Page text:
Floor slip resistance tests in the USA have historically been written by the members of the ASTM F13 committee. Comprised mostly of expert “liars for hire” that exclusively work for slip and fall attorneys, and representatives of the flooring industry, these tests have been based on either no science, or very little shady science. The tests and the instruments the test methods were designed for were either created to get the answer lawyers will find useful (see the now-withdrawn ASTM F1677 for the Brungraber Mark II and Mark IIIB, and now-withdrawn ASTM F1679 for the English XL Variable Incidence Tribometer), or to help sell slippery floors in America (see ASTM C1028).
All these test methods were eventually withdrawn when the ASTM figured out that there was zero science behind them, and that the test methods were published with nefarious intentions to help sell slippery tile or win lawsuits at any cost. The ASTM even created a Committee of Standards (COS) made up of professionals from various other industries to try to bring this ASTM F13 committee together to publish something based on actual science instead of the nonsense standards that they keep trying to get published which must always be withdrawn for a lack of precision or other fatal flaws within the test methods. So far, all efforts to create an acceptable test method for reliably testing floors for slip resistance have failed in the USA. The rest of the world has watched in wonder…
The F13 members have now decided that since all their test methods are getting withdrawn because they lack precision or any good science behind them, they will now not publish ANY more test methods that mention a specific device. That way, they can keep using whichever withdrawn test method suits them on any given day to either sell slippery tile, or to help win a lawsuit with nothing more than “junk science” and a withdrawn test method. (Spoiler alert: they always lie under oath and say the test methods they use were withdrawn for mentioning patented devices, but they know that’s not the primary reason their standards were withdrawn. Either that, or these “experts” were too stupid to realize BEFORE they published an ASTM standard that the ASTM doesn’t allow for standards to be published for patented devices. If they’re THAT dumb, they shouldn’t be publishing children’s book, never mind testifying in major slip and fall lawsuits!)
Enter science, international research, and integrity!
The newly revised ASTM E303-22 is a test method to determine the slip resistance of a flooring surface or the skid resistance of a road surface using the pendulum DCOF tester (sometimes called the British Pendulum Tester). The official title of the test method is “ASTM E303-22 – Standard Test Method for Measuring Surface Frictional Properties Using the British Pendulum Tester”. The original test method ASTM E303-93 was first published in 1993, which is almost thirty years ago, and was updated in June of 2022. That means the British Pendulum was shown to have precision thirty years ago, and the test method has just become more and more precise over the years. The usefulness and precision of pendulum DCOF slip resistance and skid resistance testing has continued to be verified over and over again in numerous interlaboratory studies, as it has been in use in over 50 nations around the world for over 50 years now, which has led to safety criteria based on lab studies and 50 years of investigating slip and fall accidents, and floors that never seem to have any, around the globe.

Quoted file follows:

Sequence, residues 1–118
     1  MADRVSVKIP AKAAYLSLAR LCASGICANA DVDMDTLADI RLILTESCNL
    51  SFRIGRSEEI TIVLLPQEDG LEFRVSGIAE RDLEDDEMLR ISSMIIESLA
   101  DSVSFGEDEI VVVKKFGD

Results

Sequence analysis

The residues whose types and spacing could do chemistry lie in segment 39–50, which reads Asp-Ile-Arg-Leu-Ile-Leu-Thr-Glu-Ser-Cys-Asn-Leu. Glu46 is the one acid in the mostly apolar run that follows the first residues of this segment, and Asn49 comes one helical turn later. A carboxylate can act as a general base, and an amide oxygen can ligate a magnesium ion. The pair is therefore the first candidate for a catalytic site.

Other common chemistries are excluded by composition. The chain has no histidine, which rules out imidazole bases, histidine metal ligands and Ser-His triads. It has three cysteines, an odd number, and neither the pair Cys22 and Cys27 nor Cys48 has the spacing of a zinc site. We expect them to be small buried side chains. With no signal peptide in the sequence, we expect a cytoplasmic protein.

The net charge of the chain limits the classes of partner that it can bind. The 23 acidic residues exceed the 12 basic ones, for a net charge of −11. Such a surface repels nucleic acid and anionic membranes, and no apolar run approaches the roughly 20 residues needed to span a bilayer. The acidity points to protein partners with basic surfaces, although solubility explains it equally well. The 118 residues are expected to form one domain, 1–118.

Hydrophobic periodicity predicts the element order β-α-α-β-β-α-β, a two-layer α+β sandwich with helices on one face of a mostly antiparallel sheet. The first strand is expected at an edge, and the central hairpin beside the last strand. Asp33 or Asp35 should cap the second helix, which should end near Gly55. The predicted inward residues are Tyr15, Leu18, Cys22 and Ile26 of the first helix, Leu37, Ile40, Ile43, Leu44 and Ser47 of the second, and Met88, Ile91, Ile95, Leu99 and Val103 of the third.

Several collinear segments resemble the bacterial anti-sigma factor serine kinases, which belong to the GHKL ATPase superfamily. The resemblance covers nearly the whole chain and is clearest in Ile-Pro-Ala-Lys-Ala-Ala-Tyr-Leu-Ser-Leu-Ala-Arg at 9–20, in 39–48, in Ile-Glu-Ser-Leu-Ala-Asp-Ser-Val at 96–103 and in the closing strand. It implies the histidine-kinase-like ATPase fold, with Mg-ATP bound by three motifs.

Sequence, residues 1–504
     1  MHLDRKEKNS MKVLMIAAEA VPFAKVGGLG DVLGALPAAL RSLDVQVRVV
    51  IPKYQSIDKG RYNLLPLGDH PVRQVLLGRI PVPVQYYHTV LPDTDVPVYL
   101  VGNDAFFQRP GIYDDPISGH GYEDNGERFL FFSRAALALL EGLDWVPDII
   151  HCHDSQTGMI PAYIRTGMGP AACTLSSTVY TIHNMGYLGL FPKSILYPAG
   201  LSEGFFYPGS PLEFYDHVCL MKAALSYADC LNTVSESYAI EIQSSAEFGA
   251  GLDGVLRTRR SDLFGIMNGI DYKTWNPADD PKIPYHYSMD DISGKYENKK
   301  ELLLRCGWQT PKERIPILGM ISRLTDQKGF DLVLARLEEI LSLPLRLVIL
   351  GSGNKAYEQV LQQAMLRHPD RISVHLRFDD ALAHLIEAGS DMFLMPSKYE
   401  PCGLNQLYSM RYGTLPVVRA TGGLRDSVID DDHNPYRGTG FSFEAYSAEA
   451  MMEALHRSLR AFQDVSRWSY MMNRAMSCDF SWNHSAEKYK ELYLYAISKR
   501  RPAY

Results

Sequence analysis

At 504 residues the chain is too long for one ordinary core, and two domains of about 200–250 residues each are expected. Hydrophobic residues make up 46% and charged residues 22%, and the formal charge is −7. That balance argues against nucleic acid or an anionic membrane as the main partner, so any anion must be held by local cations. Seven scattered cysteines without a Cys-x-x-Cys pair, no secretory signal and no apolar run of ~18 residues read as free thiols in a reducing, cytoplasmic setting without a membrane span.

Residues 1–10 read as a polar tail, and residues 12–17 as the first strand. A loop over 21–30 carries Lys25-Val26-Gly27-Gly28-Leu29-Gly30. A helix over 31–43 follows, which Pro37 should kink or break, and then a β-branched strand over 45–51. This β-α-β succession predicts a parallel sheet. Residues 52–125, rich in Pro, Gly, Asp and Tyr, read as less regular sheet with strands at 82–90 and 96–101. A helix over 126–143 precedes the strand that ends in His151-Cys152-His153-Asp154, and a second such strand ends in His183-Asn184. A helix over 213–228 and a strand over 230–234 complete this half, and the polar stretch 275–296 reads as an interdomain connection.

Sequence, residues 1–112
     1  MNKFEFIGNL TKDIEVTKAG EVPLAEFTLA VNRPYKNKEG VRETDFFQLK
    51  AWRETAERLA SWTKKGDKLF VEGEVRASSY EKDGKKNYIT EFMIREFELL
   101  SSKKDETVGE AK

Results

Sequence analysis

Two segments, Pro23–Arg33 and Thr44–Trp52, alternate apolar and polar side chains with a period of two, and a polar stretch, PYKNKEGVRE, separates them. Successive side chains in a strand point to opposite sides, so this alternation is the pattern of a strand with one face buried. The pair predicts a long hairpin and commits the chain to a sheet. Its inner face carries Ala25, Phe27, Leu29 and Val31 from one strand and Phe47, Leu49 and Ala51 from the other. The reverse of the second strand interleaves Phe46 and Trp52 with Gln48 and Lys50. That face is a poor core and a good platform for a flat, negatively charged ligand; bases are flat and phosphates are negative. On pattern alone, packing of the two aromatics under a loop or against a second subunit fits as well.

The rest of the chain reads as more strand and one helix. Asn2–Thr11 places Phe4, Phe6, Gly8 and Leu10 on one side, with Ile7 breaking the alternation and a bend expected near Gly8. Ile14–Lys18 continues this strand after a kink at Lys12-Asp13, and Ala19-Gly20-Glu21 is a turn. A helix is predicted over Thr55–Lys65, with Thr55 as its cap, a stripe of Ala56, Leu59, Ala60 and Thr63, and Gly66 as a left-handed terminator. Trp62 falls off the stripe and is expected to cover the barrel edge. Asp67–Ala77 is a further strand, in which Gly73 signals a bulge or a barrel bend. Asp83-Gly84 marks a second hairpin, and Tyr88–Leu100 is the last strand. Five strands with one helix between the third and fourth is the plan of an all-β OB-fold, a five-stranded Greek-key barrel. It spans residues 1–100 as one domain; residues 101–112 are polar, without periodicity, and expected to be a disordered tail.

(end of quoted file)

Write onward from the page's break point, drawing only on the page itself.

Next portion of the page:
The ASTM E303 test method now more closely mirrors the pendulum slip resistance test methods used across Europe, in the United Kingdom, Australia, New Zealand, Singapore, and numerous other nations that have been using the pendulum slip resistance test device for decades. The pendulum DCOF tester is easily the world’s most widely-accepted and trusted tribometer for measuring the frictional properties of a surface to assess safety, both in the lab and in the field. E303 has also been used to assess the slip resistance of roads since at least 1993, and the pendulum tester was originally invented in the USA.
There have been numerous research studies done in many countries over the decades using the British Pendulum Slip Resistance Tester. Now the ASTM E303 slip resistance test results will more closely mirror results gotten by the corresponding pendulum test methods presently used in the European Union (EN 16165), the United Kingdom (BS EN 16165), Australia and New Zealand (AS 4663 and AS 4586), and other test methods from so many other nations. The pendulum test methods around the world are becoming more and more uniform with this latest published version of ASTM E303-22, which allows for even further international research studies to be conducted to validate the usefulness and accuracy of the pendulum DCOF slip resistance tester to assess the real-world slip resistance of floors and road surfaces.
The video below shows the British Pendulum tester in action using ASTM E303-22:
If you’re looking to get a ASTM E303-22 dynamic coefficient of friction (DCOF) slip resistance test done in our lab, click on ASTM E303 slip resistance testing. Contact us for a quote for doing testing at your location. We do coefficient of friction (COF) testing in our certified lab, and we test floors and roads all over North America and beyond. This is our specialty, and our knowledge in this field is unmatched in the Americas. Reports come stamped by a registered professional engineer